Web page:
If you know me, you know I am not a fan of the Passion Conference. I’m not anti-Passion, but I’m not a fan. It’s like, say, the New England Patriots. I don’t hate them, but I don’t go out of my way to watch them unless something really interesting is happening (like, say, Tom Brady being on my fantasy team). I’ve never been, I have no desire to go, but I’d probably go if I needed to or had a free ticket (even though I have some other theological concerns).
Also, if you know me, you know I am a huge fan of Twitter. I love Twitter. There are many reasons why, but one such reason is because I have a pretty short attention span. Twitter is the perfect venue for that. But I love Twitter.
It seems that Twitter and Passion were made perfectly for one another.
Last year, Passion decided it would take up the cause to fight human trafficking. This is a GREAT move and is a major problem in our world today. (By the way – if you are interested in organizations fighting human trafficking in the United States, check out Night Light International. One of my best friends works for them and they can always use support!) Passion is to be commended for bringing this issue to the forefront and at least making people aware that this kind of stuff is going on, often times in our own backyard.
So everybody went to Passion and got a little crazy for Jesus. They sang, they heard some preachers, and they went to family groups. All week, though, the charge was on – they were “in it to end it.” It was the #enditmovement or something. Which, again, let me stress that raising awareness is a good thing. People need to know that these things are happening.
But as G.I. Joe said, “Knowing is half the battle.”
When I was in college, the Invisible Children movement started. This was a movement to raise awareness about the terrible tragedy that is an ongoing thing in Uganda. Kids are being abducted and forced into slavery and fighting for the Lord’s Resistance Army. Invisible Children was a documentary made about these atrocities, and it was shown on college campuses across the country.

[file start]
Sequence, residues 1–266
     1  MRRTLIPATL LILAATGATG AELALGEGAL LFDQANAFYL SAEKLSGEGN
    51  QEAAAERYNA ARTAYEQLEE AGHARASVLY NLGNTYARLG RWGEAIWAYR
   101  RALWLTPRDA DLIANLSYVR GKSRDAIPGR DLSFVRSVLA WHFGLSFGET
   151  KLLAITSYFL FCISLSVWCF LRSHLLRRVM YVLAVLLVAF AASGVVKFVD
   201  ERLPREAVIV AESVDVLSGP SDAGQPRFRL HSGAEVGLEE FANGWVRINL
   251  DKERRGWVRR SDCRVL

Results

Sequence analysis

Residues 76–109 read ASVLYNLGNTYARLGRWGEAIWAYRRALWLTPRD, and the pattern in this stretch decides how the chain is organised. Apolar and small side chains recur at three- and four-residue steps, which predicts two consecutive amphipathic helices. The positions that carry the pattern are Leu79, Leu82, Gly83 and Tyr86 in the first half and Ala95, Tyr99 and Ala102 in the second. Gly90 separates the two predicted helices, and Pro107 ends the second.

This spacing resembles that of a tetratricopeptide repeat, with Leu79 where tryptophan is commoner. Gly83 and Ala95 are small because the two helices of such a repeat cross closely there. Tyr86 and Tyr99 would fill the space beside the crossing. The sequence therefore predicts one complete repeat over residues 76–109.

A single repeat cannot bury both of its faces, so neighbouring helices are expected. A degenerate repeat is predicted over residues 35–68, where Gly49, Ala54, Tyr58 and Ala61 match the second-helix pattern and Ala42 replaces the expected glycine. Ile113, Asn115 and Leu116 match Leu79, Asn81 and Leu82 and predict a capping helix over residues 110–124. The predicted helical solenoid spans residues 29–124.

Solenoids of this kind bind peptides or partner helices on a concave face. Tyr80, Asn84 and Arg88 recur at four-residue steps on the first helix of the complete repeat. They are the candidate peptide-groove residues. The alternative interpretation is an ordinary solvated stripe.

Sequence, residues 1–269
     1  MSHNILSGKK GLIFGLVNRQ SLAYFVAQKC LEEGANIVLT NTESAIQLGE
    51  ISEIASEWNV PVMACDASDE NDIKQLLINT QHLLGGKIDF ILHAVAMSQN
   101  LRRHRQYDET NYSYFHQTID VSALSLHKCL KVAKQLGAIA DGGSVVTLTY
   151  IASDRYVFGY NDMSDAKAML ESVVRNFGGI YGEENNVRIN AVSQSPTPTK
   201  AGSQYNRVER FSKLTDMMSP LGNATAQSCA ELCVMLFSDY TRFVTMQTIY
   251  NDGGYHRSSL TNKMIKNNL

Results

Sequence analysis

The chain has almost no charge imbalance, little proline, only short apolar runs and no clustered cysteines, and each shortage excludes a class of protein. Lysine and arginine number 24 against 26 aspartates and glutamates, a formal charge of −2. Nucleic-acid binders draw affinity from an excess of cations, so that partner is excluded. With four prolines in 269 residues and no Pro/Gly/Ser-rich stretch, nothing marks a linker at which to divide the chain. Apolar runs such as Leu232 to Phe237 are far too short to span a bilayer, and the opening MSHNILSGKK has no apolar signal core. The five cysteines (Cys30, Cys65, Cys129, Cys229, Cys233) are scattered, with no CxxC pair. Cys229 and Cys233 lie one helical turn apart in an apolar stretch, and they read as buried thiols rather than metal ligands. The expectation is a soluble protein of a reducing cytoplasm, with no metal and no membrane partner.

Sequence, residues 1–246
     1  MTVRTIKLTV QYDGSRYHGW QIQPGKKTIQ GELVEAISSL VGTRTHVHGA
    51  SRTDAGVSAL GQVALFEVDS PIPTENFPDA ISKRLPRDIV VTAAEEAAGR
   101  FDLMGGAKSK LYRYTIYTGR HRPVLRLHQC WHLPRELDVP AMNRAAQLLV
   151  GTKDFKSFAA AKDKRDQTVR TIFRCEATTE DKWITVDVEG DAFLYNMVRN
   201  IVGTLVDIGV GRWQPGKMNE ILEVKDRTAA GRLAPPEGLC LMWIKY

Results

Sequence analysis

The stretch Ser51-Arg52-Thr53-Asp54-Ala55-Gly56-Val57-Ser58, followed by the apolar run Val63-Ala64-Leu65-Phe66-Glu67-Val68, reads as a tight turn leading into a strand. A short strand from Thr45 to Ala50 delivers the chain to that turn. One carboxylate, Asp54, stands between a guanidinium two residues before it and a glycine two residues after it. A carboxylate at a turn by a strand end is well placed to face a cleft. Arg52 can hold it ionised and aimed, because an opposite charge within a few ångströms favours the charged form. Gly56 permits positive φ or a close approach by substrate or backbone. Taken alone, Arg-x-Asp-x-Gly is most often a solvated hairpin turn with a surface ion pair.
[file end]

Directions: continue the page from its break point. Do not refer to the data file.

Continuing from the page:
The IC group at Ole Miss had a few other events. Namely, one where they all spent the night in the Grove to “raise awareness.”
What do these things have in common?
It seems like now activism is limited to the “raising awareness” stage. Everybody gets all fired up about “ending it” whether it’s slavery or whatever else, but we don’t move past it.
And look – I know this sounds like I am being self-righteous. It needs to be said that I am bad, bad, bad at this. I try to keep my Twitter feed on the lighter side, and I make attempts to be funny more than I attempt to change the world.
The thing I, and pretty much everyone else my age or younger, need to understand is that the world isn’t simply changed by awareness. Yes, a light needs to be shined on injustice. Yes, these terrible things happening in the world need to be announced and discussed. But we can’t stop there. We can’t just hash tag something and the next day, pretend like it never happened.
We have to do something.
Not every single one of us is called to every specific injustice. By that I mean that not every single person is called to move to another city or country and fight hunger, slavery, or whatever else. What we are called to do is care for our neighbors, widows, and orphans, and to follow God’s will. Some people are uniquely equipped to do specific things. Some people do have that burning heart for foreign missions, or whatever else.
But we are all called…no…commanded to pray (part of praying “thy kingdom come” is praying that God’s kingdom, God’s righteous and just reign, will be present here on earth). We are all commanded to be generous.
This is pretty much just a roundabout way of urging myself and others to go beyond awareness – beyond “hash tag activism” – and do something. “Something” can mean a lot of different things, but it does not mean anything less than prayer. The Lord’s Prayer, the Psalms, the Old Testament Law, and the New Testament letters are all concerned with the oppressed and enslaved.
The old adage “all it takes for evil to exist is for good men to do nothing” comes to my mind. But in a lot of ways, this feels worse than “good” people doing nothing. This feels like us doing nothing, but patting ourselves on the back for doing something.
We, as people, can’t just hash tag something for a week and move on. I’m pretty sure that’s not how this works.